1:51 PM
 | 
Jul 12, 2018
 |  BC Extra  |  Preclinical News

Virus-free CRISPR T cell editing

A team led by University of California San Francisco researchers developed a non-viral method to engineer T cell genomes in about one week using CRISPR/Cas9 DNA editing. The method could reduce the time and cost needed to generate T cell therapies, and increase the size of genetic constructs that can be incorporated into the cells' DNA.

Genome editing using viral vectors can take months to complete, and is generally limited to delivery of DNA around 1 kilobase or smaller. Moreover, previous studies have shown viral vectors can cause non-specific gene integration.

In a Nature paper, the team used an optimized electroporation-based method to deliver a homology-directed repair DNA template and CRISPR-associated protein 9 (Cas9) complexed to a guide RNA to primary human T cells. Through systematic screening, the team identified optimal cell culture conditions, concentrations of DNA and RNA/Cas9 complexes, and handling protocols to support efficient genomic editing in T cells.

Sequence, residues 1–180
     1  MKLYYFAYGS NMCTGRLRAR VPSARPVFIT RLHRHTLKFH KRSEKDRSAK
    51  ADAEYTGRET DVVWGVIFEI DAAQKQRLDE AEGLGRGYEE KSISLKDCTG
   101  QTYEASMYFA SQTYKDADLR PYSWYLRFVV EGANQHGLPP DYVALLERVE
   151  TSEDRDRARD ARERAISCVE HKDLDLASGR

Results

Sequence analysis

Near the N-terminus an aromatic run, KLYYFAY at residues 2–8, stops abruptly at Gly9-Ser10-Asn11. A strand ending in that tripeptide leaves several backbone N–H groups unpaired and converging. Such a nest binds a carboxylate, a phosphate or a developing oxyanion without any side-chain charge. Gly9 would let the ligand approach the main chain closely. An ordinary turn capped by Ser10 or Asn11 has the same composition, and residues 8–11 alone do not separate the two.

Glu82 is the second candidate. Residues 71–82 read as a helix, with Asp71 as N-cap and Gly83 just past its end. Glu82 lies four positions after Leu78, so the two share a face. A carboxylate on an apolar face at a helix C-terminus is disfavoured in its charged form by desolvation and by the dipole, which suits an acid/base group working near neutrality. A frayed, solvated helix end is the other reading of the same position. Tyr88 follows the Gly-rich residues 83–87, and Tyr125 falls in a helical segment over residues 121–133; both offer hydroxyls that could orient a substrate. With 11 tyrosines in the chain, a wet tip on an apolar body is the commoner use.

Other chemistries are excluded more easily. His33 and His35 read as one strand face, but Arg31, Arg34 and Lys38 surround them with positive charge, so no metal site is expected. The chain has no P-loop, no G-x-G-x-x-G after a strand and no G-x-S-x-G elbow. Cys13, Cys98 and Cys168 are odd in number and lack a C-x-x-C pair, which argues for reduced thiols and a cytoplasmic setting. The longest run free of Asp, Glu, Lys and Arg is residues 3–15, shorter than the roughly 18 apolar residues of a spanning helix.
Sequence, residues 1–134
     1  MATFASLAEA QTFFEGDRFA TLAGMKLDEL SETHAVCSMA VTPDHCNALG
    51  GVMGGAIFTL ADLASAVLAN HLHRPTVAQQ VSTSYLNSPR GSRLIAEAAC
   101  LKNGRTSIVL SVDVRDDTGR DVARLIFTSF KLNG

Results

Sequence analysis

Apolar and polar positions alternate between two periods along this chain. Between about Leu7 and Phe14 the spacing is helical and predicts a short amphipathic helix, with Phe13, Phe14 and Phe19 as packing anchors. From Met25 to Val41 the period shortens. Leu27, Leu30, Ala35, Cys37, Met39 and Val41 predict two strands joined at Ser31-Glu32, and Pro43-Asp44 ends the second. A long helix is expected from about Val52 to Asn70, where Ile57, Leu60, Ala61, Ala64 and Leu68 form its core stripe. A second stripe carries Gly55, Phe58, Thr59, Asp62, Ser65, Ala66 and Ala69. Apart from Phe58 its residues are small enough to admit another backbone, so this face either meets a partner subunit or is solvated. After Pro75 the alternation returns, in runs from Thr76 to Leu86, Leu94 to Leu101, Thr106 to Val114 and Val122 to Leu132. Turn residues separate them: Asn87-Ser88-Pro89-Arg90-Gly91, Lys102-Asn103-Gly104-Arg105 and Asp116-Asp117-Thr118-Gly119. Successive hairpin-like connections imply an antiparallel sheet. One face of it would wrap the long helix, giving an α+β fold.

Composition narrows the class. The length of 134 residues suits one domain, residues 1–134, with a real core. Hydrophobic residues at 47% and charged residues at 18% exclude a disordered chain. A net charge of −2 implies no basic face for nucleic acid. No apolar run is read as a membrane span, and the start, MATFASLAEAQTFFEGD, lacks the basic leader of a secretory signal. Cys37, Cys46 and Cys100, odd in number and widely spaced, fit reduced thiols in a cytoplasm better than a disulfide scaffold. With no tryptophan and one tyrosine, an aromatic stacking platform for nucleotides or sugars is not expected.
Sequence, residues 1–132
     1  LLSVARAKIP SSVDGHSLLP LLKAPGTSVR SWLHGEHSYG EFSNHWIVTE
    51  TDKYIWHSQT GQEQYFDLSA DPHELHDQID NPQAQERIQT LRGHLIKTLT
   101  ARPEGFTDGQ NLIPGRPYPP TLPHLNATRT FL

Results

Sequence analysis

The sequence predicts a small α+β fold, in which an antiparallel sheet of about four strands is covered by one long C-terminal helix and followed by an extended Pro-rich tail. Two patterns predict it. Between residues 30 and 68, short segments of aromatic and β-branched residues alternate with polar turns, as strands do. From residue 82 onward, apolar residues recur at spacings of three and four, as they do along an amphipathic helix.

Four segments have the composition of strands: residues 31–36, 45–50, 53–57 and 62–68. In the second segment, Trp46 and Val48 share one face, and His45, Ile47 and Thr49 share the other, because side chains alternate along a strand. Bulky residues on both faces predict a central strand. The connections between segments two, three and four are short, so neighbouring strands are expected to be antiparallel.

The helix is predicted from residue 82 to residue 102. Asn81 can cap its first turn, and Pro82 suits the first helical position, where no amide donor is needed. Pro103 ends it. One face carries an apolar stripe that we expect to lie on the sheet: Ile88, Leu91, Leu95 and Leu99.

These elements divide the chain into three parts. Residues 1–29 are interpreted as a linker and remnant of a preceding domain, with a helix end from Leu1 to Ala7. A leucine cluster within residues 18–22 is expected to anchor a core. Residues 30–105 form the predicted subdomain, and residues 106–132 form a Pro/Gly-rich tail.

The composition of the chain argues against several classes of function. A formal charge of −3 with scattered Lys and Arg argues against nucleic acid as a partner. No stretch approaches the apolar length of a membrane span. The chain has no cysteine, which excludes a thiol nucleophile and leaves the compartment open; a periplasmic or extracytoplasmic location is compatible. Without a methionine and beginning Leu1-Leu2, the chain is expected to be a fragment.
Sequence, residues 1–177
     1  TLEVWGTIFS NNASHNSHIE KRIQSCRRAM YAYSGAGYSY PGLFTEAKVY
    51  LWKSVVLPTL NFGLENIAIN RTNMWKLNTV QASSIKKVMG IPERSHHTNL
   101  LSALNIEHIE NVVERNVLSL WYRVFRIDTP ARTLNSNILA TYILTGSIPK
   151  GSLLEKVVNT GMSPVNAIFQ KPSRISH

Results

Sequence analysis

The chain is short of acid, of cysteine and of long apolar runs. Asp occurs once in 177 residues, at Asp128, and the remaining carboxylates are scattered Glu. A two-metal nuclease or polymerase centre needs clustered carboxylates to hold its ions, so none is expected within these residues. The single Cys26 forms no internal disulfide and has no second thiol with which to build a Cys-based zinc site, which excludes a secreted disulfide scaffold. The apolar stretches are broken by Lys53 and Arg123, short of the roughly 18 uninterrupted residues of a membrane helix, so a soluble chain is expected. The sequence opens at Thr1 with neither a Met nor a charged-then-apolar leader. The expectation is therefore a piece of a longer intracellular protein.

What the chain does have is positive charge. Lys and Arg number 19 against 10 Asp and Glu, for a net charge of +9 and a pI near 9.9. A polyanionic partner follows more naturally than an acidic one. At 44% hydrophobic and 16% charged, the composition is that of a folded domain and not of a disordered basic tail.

The researchers first used the method to insert a reporter protein into six loci in T cells with editing rates between 16% and 57.6%. The method increased T cell viability compared with electroporation of DNA alone, and led to off-target integration rates around 1%.

The team next edited T cells derived from a family of patients with autoimmune disease to correct loss-of-function mutations in interleukin-2 receptor alpha chain (CD25). CRISPR editing of the T cells induced expression of CD25 in up to 25% of the T cells, compared with CD25 expression in less than 1% of unelectroporated cells.

Finally, the CRISPR method was used to reprogram the antigen specificity of T cells by replacing endogenous TCR sequences with a TCR targeting cancer/testis antigen 1B (NY-ESO-1; CTAG1B) -- a 1.5 kb sequence -- with editing efficiencies around 10%. In mice with tumors derived from melanoma cells expressing NY-ESO-1, the CRISPR-edited T cells reduced tumor size compared with T cells engineered to express the TCR using a lentiviral vector.

The authors suggested that the method could be used to generate CAR T cells or create synthetic gene circuits in T cells.

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